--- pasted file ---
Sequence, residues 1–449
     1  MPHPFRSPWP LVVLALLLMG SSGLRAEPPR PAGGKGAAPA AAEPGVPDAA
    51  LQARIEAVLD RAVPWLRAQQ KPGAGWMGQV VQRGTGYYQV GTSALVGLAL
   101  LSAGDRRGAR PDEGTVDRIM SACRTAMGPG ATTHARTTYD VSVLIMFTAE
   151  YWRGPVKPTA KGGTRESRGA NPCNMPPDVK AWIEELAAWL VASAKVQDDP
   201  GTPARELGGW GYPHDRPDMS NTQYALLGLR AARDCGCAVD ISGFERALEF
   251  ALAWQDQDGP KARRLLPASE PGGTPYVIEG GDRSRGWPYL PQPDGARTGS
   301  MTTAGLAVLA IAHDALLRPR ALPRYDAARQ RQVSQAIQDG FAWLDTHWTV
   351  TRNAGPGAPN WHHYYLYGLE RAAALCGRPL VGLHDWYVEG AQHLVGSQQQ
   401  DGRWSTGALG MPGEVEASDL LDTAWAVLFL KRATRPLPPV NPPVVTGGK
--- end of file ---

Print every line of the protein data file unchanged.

Sequence, residues 1–449
     1  MPHPFRSPWP LVVLALLLMG SSGLRAEPPR PAGGKGAAPA AAEPGVPDAA
    51  LQARIEAVLD RAVPWLRAQQ KPGAGWMGQV VQRGTGYYQV GTSALVGLAL
   101  LSAGDRRGAR PDEGTVDRIM SACRTAMGPG ATTHARTTYD VSVLIMFTAE
   151  YWRGPVKPTA KGGTRESRGA NPCNMPPDVK AWIEELAAWL VASAKVQDDP
   201  GTPARELGGW GYPHDRPDMS NTQYALLGLR AARDCGCAVD ISGFERALEF
   251  ALAWQDQDGP KARRLLPASE PGGTPYVIEG GDRSRGWPYL PQPDGARTGS
   301  MTTAGLAVLA IAHDALLRPR ALPRYDAARQ RQVSQAIQDG FAWLDTHWTV
   351  TRNAGPGAPN WHHYYLYGLE RAAALCGRPL VGLHDWYVEG AQHLVGSQQQ
   401  DGRWSTGALG MPGEVEASDL LDTAWAVLFL KRATRPLPPV NPPVVTGGK